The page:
Use this URL to cite or link to this record in EThOS: https://ethos.bl.uk/OrderDetails.do?uin=uk.bl.ethos.775696
Title: Beyond conflict : lessons from the fields
Author: Lord, P.
Awarding Body: University of Exeter
Current Institution: University of Exeter
Date of Award: 2019
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Abstract:
Labour law is under threat. With crises pervading its normative paradigm, coverage and enforcement, its ability to regulate modern working relationships has recently been questioned. Fundamental to each layer of crisis, whether philosophical, empirical or judicial, is the predominant narrative of conflict as an axiomatic feature of what it means to be employed. This research questions the simplicity of that view and argues that the answer to the discipline's crisis of identity does not lie in reimagining the crisis but in the reimagination of labour law's identity. Applying a sociological lens and by focusing on one industry - agriculture - a more contextual picture emerged. Through conducting interviews with 31 farmers and farmworkers in England and Wales regarding their management of the statutory employment rights of status, wages, hours, leave, and health and safety, new insights appeared, to challenge the conflict narrative. In sum, these farmers managed labour rights based on principles of informality, flexibility, professionalisation and "good employership" and not, necessarily, the law. Consequently, legal compliance varied between formal, accidental, presumed and noncompliance, creating a disparity between legal expectation and practice. The reasons for this divergence stemmed from the interplay between agency and structure, and the constraints of the agricultural industry which confined labour decisions. Managing labour rights through these principles, to respond to these constraints, and not via the standard model which law promotes, led to a two-fold impact. First, unintended consequences arose where standardisation failed to reflect the internal realities. Second, workers were not exploited in the absence of law. Instead, relationships were generally reciprocal, mutually contingent and valued. For the law, this queries the authenticity of our paradigm and associated normative models. Instead, a new narrative is needed, built on the preservation of harmonious work relationships, to move labour law out of crisis and beyond conflict.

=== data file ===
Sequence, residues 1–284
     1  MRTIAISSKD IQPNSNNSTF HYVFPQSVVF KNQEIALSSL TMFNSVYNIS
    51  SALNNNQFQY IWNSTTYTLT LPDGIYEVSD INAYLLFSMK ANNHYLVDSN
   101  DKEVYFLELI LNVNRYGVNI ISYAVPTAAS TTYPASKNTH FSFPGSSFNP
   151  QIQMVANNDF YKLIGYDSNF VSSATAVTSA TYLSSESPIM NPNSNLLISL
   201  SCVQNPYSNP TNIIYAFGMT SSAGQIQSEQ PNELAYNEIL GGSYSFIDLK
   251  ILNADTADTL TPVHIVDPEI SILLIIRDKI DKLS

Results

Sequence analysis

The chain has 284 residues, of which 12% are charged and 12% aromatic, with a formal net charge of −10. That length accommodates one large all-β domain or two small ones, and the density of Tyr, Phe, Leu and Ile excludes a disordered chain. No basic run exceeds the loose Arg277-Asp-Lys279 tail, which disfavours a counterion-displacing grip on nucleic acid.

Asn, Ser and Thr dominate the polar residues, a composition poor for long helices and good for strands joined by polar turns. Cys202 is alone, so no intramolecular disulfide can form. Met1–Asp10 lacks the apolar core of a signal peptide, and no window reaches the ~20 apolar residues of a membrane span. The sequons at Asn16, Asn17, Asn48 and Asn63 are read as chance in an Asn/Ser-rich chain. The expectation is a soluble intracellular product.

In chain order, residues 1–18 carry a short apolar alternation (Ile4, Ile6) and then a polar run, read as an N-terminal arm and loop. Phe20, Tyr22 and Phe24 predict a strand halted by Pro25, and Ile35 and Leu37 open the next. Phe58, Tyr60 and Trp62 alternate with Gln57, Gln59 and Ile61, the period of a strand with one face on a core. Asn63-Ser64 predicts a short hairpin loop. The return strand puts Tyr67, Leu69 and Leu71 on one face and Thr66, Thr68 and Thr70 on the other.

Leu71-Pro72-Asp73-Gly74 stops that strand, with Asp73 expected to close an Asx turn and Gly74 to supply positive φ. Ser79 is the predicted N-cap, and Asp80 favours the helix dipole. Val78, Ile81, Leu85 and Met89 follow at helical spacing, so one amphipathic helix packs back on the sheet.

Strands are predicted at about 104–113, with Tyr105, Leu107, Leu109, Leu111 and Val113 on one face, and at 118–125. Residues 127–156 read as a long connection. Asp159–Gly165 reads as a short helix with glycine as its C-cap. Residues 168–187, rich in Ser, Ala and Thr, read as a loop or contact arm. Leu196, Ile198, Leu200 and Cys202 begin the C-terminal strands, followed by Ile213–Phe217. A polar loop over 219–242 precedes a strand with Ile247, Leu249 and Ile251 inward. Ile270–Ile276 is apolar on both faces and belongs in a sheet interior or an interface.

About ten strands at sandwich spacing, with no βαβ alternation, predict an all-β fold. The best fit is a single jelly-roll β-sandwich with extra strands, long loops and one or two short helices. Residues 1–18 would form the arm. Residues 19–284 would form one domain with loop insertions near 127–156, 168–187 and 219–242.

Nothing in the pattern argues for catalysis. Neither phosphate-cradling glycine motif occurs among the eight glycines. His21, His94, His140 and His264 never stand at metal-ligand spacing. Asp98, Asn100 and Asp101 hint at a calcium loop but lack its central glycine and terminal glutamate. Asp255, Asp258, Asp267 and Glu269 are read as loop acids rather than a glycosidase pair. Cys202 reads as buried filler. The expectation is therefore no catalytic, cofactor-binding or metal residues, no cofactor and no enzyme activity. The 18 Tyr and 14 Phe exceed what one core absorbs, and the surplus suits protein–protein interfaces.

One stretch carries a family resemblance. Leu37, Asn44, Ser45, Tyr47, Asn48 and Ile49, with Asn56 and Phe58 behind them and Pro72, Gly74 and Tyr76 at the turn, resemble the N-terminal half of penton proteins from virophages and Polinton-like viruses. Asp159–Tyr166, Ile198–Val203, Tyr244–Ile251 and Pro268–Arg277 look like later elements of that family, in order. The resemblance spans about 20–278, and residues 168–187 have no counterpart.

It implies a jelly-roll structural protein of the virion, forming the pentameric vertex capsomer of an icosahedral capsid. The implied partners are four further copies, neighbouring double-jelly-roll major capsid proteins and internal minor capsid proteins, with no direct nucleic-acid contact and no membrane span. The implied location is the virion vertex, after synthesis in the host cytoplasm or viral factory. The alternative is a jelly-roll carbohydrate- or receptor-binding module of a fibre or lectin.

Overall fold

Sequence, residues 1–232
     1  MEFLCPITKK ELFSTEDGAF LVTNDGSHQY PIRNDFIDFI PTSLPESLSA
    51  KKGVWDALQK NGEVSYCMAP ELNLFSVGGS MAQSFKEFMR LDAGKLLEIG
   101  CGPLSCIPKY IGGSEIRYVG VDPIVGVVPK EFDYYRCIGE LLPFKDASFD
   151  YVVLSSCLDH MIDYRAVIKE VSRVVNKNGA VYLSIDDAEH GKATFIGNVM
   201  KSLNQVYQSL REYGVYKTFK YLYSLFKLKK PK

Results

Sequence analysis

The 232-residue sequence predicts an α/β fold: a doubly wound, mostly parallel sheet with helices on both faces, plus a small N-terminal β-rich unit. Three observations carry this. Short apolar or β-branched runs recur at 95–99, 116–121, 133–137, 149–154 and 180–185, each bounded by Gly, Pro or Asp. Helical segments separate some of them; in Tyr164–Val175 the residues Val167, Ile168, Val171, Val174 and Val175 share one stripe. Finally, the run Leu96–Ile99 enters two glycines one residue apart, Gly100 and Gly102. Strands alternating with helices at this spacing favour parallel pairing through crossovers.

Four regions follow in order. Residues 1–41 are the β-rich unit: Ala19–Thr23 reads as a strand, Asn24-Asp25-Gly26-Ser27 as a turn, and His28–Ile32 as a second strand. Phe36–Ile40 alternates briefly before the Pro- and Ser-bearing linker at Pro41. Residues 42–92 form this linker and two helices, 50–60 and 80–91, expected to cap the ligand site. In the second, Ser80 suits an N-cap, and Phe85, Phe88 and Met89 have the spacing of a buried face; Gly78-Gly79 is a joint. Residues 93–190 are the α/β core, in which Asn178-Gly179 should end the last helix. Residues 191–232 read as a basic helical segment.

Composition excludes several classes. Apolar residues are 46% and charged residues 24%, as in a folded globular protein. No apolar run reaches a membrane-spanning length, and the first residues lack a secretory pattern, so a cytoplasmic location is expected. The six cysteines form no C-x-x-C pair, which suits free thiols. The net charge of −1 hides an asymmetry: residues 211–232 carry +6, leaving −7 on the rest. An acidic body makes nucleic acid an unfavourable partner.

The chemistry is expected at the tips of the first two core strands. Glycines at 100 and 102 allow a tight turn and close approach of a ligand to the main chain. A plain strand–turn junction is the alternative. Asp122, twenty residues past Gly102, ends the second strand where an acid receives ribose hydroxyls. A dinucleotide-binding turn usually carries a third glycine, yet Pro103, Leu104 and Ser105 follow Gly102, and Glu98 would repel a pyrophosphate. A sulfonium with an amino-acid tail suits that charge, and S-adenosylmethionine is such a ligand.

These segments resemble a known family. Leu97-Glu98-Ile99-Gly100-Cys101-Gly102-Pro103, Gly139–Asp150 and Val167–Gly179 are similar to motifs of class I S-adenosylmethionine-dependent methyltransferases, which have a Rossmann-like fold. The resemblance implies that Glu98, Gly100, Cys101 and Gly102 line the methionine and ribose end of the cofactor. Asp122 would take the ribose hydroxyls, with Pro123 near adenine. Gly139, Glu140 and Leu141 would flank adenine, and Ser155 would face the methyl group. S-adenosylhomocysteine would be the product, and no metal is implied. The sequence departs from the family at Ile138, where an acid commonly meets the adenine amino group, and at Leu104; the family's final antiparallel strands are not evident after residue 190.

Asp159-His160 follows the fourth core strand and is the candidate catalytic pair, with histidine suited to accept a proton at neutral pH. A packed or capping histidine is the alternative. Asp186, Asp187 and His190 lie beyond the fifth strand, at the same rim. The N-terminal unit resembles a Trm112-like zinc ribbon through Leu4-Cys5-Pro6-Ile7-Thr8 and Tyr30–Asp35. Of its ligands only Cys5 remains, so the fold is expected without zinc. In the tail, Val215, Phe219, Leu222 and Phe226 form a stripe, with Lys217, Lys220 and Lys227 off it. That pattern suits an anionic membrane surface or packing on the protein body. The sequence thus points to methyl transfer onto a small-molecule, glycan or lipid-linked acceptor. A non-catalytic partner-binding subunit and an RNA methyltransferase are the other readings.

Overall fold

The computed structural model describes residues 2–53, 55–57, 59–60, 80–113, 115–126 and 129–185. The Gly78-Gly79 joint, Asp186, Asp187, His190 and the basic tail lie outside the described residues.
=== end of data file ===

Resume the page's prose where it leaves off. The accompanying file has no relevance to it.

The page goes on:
Supervisor: Njoya, W. ; Trinder, E. ; Lobley, M. ; Trinder, L. Sponsor: Not available
Qualification Name: Thesis (Ph.D.) Qualification Level: Doctoral
EThOS ID: uk.bl.ethos.775696  DOI: Not available
Keywords: labour law ; farming industry ; socio-legal studies
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